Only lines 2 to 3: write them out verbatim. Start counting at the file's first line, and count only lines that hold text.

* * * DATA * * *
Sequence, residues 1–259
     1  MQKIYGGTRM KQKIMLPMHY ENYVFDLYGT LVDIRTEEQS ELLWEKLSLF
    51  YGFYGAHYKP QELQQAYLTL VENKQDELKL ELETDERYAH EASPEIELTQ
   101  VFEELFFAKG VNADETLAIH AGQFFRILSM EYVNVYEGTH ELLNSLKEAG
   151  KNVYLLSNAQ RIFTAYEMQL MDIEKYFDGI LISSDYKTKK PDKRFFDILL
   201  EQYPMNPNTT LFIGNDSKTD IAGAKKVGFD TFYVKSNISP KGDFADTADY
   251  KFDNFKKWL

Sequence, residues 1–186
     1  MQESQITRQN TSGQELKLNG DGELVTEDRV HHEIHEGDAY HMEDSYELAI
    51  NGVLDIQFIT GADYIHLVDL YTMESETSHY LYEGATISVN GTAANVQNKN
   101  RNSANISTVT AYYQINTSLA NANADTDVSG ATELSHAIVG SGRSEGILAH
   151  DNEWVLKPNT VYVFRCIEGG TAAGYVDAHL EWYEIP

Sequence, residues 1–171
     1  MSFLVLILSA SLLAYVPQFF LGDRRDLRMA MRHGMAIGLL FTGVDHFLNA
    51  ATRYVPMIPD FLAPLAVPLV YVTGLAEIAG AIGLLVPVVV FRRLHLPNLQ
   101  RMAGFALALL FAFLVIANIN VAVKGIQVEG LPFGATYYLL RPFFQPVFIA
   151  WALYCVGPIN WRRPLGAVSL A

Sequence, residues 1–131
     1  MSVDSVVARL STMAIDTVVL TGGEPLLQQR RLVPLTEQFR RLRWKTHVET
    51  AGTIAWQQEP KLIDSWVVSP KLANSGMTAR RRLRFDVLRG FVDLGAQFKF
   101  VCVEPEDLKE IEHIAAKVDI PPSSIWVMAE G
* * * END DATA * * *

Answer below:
     1  MQKIYGGTRM KQKIMLPMHY ENYVFDLYGT LVDIRTEEQS ELLWEKLSLF
    51  YGFYGAHYKP QELQQAYLTL VENKQDELKL ELETDERYAH EASPEIELTQ